Tammy De Gelder
Hamilton Health Sciences, Hamilton, Ontario

Presentation Summary: 

Recent additions to acute myeloid leukemia (AML) and chronic lymphocytic leukemia (CLL) treatment armamentariums created a need for the revision of existing treatment algorithms and protocols for patients ineligible for intensive first-line therapies.  
Several novel approaches include combinations of established agents and new molecules (for example, the addition of venetoclax to azacitidine for the treatment of AML) or improved versions of existing classes of drugs (i.e., the novel BTK inhibitor, acalabrutinib, for the treatment of CLL).  The emerging challenges revolve around integrating novel approaches with what is already in place while considering patient fitness, comorbidities, and treatment-related adverse events.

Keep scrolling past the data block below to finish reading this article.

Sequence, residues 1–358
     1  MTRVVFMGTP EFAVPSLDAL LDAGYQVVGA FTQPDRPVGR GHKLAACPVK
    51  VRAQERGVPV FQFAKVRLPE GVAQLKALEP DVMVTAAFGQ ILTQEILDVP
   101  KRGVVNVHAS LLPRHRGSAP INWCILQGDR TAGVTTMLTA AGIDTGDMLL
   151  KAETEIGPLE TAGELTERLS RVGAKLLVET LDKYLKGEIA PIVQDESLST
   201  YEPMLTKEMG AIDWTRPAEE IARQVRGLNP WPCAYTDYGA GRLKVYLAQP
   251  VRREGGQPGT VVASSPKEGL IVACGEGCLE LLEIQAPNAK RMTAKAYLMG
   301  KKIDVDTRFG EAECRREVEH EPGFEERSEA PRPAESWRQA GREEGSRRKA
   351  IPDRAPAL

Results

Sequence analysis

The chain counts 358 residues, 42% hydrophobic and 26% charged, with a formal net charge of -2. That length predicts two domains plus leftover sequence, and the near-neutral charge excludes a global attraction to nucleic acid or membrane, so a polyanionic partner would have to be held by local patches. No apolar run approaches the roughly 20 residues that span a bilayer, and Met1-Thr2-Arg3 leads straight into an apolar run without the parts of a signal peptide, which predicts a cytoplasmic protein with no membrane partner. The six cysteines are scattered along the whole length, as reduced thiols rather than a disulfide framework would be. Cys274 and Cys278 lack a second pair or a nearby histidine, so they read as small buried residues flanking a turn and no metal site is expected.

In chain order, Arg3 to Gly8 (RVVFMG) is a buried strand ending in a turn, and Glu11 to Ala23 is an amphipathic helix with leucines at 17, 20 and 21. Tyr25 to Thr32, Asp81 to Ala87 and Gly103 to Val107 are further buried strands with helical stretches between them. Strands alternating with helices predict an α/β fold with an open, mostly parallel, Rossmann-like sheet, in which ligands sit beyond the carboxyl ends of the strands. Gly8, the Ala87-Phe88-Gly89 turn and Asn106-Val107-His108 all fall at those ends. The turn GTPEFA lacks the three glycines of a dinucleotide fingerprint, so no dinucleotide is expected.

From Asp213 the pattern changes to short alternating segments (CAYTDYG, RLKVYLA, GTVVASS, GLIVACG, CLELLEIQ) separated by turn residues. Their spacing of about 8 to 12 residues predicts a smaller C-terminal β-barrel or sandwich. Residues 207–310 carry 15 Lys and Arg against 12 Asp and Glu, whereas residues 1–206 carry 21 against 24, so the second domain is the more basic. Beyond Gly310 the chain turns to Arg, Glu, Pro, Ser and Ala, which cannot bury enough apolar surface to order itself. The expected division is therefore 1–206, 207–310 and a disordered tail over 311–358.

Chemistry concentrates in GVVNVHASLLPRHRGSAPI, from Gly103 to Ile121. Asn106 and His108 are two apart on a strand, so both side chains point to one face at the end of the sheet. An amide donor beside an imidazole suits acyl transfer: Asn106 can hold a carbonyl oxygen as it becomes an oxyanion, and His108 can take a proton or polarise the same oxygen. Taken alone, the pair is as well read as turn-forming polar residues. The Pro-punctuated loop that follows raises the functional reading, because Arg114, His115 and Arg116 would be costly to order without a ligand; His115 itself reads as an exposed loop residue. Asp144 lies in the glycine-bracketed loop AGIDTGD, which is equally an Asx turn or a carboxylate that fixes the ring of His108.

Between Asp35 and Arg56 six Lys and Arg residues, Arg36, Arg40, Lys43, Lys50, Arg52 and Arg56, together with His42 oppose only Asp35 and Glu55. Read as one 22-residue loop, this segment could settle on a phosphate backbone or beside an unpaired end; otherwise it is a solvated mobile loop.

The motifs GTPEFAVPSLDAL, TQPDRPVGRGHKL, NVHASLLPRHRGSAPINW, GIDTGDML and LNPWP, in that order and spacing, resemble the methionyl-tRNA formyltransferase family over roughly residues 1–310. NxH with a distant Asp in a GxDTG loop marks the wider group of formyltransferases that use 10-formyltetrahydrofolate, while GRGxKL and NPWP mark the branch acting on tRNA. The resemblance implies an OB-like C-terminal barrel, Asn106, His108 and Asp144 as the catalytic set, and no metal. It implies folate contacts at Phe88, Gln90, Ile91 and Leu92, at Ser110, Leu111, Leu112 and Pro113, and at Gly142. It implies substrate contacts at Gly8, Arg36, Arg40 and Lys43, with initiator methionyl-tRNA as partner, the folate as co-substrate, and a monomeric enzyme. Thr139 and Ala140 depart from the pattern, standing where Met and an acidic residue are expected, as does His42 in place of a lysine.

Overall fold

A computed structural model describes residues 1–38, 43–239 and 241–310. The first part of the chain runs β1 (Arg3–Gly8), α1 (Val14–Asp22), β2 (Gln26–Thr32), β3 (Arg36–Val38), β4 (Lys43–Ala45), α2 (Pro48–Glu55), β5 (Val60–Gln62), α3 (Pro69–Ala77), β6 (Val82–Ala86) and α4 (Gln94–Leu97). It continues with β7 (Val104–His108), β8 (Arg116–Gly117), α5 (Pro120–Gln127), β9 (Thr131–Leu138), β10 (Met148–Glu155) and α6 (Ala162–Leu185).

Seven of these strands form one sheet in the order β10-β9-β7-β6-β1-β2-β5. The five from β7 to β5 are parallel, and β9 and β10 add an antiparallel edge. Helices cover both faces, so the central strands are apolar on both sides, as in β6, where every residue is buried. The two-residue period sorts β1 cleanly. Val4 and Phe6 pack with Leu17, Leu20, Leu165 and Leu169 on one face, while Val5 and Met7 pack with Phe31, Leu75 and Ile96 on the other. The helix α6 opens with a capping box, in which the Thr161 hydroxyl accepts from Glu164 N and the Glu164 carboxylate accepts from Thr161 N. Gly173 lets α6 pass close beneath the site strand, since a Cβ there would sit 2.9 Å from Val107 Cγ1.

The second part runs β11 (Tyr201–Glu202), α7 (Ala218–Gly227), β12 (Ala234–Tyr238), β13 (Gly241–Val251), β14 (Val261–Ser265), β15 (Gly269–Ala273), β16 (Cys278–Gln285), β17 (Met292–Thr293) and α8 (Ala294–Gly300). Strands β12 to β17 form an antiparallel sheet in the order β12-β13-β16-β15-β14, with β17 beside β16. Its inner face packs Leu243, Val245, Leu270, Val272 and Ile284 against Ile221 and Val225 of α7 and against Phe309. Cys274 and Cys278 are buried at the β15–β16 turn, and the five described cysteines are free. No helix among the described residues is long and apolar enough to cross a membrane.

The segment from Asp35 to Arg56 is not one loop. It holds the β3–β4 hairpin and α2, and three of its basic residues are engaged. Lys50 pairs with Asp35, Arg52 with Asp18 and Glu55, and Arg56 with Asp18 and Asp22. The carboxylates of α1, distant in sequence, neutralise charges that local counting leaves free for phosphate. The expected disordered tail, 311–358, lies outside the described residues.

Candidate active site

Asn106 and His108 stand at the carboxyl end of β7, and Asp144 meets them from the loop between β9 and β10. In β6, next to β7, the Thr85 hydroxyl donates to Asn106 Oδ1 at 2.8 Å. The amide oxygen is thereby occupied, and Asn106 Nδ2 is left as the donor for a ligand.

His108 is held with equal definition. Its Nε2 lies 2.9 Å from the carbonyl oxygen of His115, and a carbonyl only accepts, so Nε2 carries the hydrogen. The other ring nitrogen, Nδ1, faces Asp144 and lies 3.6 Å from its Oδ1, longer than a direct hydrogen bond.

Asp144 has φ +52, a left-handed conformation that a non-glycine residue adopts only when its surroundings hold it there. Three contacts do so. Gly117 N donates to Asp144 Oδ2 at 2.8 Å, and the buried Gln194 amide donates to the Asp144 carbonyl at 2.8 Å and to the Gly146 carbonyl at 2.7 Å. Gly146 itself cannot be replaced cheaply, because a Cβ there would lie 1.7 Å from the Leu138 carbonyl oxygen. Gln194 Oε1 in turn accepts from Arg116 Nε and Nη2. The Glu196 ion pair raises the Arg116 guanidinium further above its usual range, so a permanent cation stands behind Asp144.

Through several case studies, this interactive presentation will explore how pharmacists and nurses are adapting their approaches to patient counselling and monitoring while integrating novel approaches into their practice. 

Leaning Objectives: 

  1. Identify how comorbidities and advanced age can affect tolerance to treatment
  2. Review prevention strategies for treatment-related adverse events such as tumor lysis syndrome (TLS) and infections
  3. Outline therapy options for patients ineligible for intensive first-line treatment in AML and CLL
Satellite symposium
Gilead Sponsored Symposia- The ABCs of ADCs in Breast Cancer
Presenters
Scott Edwards
Sandy Sehdev
Photo of Scott Edwards
Photo of Scott Edwards
Scott Edwards
Clinical Pharmacy Specialist, Pharmacy, Eastern Health — st john's, Newfoundland and Labrador